Rates investors grappling with this crisis are strategizing for the recovery -- but it may not be much easier to trade.
On the face of it, the playbook seems straightforward. Central banks globally are smothering volatility and driving yields lower with massive asset purchases and other programs -- including the $2.3 trillion of support the Federal Reserve tossed into the mix Thursday.
Just like in the aftermath of the 2008 crisis, this creates a strong case for ditching government debt in favor of riskier assets. But timing such a move around the uneven spread of a pandemic, uncoordinated waves of global government spending, a flood of bond supply, and the risk of mounting corporate defaults -- not to mention skittish market sentiment -- is fraught.
A hint of how fast sentiment could turn came last week, as signs that the virus’ spread may be slowing in American hotspots helped propel U.S. stocks back into a bull market. So far Treasuries have seemed almost impervious to that optimism. The market sold off a little -- a nod to the Trump administration’s goal of reopening the economy in a matter of weeks -- but since March 23, which marked the low in the S&P 500, government bonds have actually gained.
The benchmark 10-year yield is down 7 basis points over that period, ending the week at 0.72%, more than a full percentage point below its New Year’s Eve close. For the time being, it’s hard to find anyone who wants to offload lots of Treasuries, though they’re alert to how quickly their positions could sour.
“You’ve seen a rally in Treasuries which has been explosive,” Western Asset Management’s Ken Leech said in a conference call Tuesday. For investors in long-dated bonds, the chief investment officer said, “you have a tremendous amount of risk if things get better -- the front end of the curve is safer.”
The Treasury curve showed that last week with a steepening move fueled by selling in long-dated bonds. That’s widened the gap between the two- and 10-year yields by 16 basis points from its narrowest point this month, to 49 basis points.
Leech conceded his portfolios, built on the expectation of stronger growth this year, were sideswiped by the market chaos caused by the pandemic. He isn’t about to get caught on the other side by a rebound in risk appetite. He says the Fed’s actions should anchor the front end of the Treasury curve.
A further rally in U.S. government debt certainly can’t be ruled out, driving long-end yields back to, or below, March’s historic lows. Bank of America technical strategist Paul Ciana reckons a 10-year yield of zero to 0.25% is “reasonable” in the second quarter assuming that coronavirus-related quarantines, social distancing and medical advances are effective. A worse case could even see the benchmark drop below zero, in his view.
But with yields already so low, many see little more to gain from the Treasury market. High-quality corporate bonds are the clear favorite among investors now -- in a market flooded with record issuance -- as the Fed has pledged its support with unprecedented direct purchases. Ed Al-Hussainy at Columbia Threadneedle has pared his Treasury positions and “swung really hard to credit,” although he’s willing to buy 10-year government debt when the yield on it approaches 1%.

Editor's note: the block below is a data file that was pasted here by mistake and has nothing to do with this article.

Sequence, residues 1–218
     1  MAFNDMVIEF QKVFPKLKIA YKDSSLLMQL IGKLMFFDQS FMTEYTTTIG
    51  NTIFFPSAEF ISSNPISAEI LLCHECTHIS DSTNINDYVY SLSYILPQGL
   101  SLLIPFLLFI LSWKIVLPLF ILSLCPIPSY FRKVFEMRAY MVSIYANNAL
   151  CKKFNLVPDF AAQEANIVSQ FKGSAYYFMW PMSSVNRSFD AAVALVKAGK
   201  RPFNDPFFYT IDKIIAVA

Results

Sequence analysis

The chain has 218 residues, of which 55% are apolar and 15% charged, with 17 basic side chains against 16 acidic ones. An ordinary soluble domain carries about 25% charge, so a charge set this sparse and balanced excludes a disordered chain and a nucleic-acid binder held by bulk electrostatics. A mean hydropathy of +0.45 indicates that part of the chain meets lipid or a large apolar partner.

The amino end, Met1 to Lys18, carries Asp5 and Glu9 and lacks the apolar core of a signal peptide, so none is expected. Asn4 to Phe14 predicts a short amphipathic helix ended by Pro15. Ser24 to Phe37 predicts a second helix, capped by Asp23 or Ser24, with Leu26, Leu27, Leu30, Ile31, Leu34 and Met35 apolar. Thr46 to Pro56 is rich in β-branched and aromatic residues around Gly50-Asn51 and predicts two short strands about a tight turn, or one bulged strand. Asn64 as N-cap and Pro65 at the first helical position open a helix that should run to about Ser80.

It’s straight back to basics: Don’t fight the Fed. Though even the blue-ribbon credit market is not without its risks: Morgan Stanley estimates that as much as $350 billion worth of bonds could lose their investment grade ratings this year.
Inflation-linked bonds are a popular recovery asset of choice for money managers like Chris Dillon at T. Rowe Price, who anticipates a world of broken supply chains and flooded with stimulus. The recovery in breakevens -- the Treasury market’s gauge of inflation expectations -- suggests an outright deflationary spiral is at least less of a risk.
“We think of de-globalization, global supply chains getting reconfigured -- when demand gets back on line, we could certainly see spikes of inflation,” Dillon said.
For now, rates seem embarked on a far less thrilling course than their haywire trajectory of the past month, and rangebound is the operative framework, according to BMO Capital Markets. The firm’s strategists expect the benchmark yield could ply the 33-basis-point channel it’s been in since March 23 -- capped at 0.89% -- for weeks to come.A foray above 1% would take “a concrete reopening schedule and significant progress in battling Covid-19 in the U.S.,” they said.
That restraint contrasts with last month’s 96-basis-point range, and it reflects the enormous weight of central bank purchases. Estimates for where the Fed’s balance sheet will end up as we work through this crisis are as high as $10 trillion, from close to $6 trillion now.
“Yields will have a tough time moving meaningfully upward here even in the case that we start to have a recovery,” said Alicia Levine, chief investment strategist at Bank of New York Mellon. “Ultimately we think this disruption is going to be very deep and not so easy to return from.”
What to Watch
- Federal Reserve officials are webcasting:
- April 14: St Louis Fed’s James Bullard holds a Covid-19 briefing via Zoom; Chicago Fed’s Charles Evans speaks in Pittsburgh
- April 15: Atlanta Fed’s Raphael Bostic addresses Birmingham Rotary and Kiwanis clubs via Zoom
- Here’s the economic calendar:
- April 14: Import and export prices
- April 15: MBA mortgage applications; retail sales; Empire manufacturing survey; industrial production; capacity utilization; business inventories; NAHB housing market index; Fed Beige Book; TIC flows
- April 16: Housing starts; building permits; Philadelphia Fed business outlook survey; initial jobless claims; Bloomberg consumer comfort
- April 17: Leading index
- The auction slate is focused on bills:
- April 13: 13-, 26-week bills
- April 16: 4-, 8-week bills
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